WCPS students receive nearly $13 million in scholarships
By Phyllis Moore
Published in News on July 21, 2006 1:53 PM
Wayne County high school students brought home nearly $13 million in scholarships this year, school officials announced this week.
An estimated $2.6 million in scholarships and more than $10.3 million in renewable aid was distributed to students at the county's six high schools.
Among the institutions awarding scholarships are Barton College, Campbell University, Central Univer-sity, Duke University, East Carolina University, Elon University, Fayetteville State University, Guilford College, Johnston Com-munity College, Peace College, Mount Olive College, Meredith College, Methodist College, N.C. State University, University of North Carolina, Chapel Hill, Wayne Community College, Wesleyan College and Winston-Salem State University.
This year, 55 graduates of Charles B. Aycock High School were awarded 193 offers of scholarships, grants and other financial aid that added up to $959,666. When calculated with the renewal rate, students earned $1.9 million in aid.
At Eastern Wayne High School, 64 students received 134 offers of assistance totaling $612,820. With renewals, the amount jumped to $1.9 million.
Goldsboro High School had 55 graduates who were awarded 229 offers of assistance totaling $183,301. Renewable aid brought the amount to $2.1 million.
Nearly $1.4 million in renewable financial support went to 51 Rosewood High School graduates, who received 68 offers of assistance worth $369,402.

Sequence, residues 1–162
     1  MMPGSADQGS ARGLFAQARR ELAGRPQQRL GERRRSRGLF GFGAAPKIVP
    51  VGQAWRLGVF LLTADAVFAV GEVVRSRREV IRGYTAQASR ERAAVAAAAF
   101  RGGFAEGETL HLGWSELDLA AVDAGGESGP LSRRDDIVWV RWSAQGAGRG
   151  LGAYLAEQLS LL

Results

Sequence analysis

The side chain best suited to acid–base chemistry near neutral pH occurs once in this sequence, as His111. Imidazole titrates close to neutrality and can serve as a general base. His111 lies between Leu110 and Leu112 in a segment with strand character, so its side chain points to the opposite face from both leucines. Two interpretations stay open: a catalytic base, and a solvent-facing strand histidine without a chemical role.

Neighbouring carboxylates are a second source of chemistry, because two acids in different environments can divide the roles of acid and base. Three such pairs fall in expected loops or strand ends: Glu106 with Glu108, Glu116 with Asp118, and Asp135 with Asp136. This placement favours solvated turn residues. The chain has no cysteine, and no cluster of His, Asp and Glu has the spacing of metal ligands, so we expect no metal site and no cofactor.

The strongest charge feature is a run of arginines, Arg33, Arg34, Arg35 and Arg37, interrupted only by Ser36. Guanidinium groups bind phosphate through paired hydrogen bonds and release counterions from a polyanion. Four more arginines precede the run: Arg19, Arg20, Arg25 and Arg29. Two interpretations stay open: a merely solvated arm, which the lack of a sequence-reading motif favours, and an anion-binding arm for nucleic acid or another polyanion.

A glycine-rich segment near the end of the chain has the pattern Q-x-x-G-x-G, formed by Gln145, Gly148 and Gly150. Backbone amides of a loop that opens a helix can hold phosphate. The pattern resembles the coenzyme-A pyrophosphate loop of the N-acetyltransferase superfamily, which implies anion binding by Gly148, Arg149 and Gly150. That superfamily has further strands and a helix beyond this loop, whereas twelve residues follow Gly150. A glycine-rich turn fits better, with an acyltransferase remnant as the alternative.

Southern Wayne High School had 48 graduates who received a total of 175 offers for financial aid. Scholarship money equaled $439,873 or $1.6 million in renewable funding.
Spring Creek had 19 graduates awarded $125,570 in scholarships and $435,245 in renewable aid. A total of 47 scholarships were awarded.
School officials praised the efforts of recent graduates.
The honorees studied and worked hard, both inside and outside the classroom, said Dr. Sandra McCullen, assistant superintendent for curriculum and instruction.
"These students chose a rigorous academic program that has helped them to be successful in their college and career aspirations."
Guidance counselors also contributed to the outcome, she added. Throughout the school year, they direct and support students in applying for financial aid and obtain important information for students and parents to offset their concerns about paying for college, she said.
"The entire Wayne County community should be proud of the efforts of the schools, community organizations, businesses and individuals who support our students," she said.
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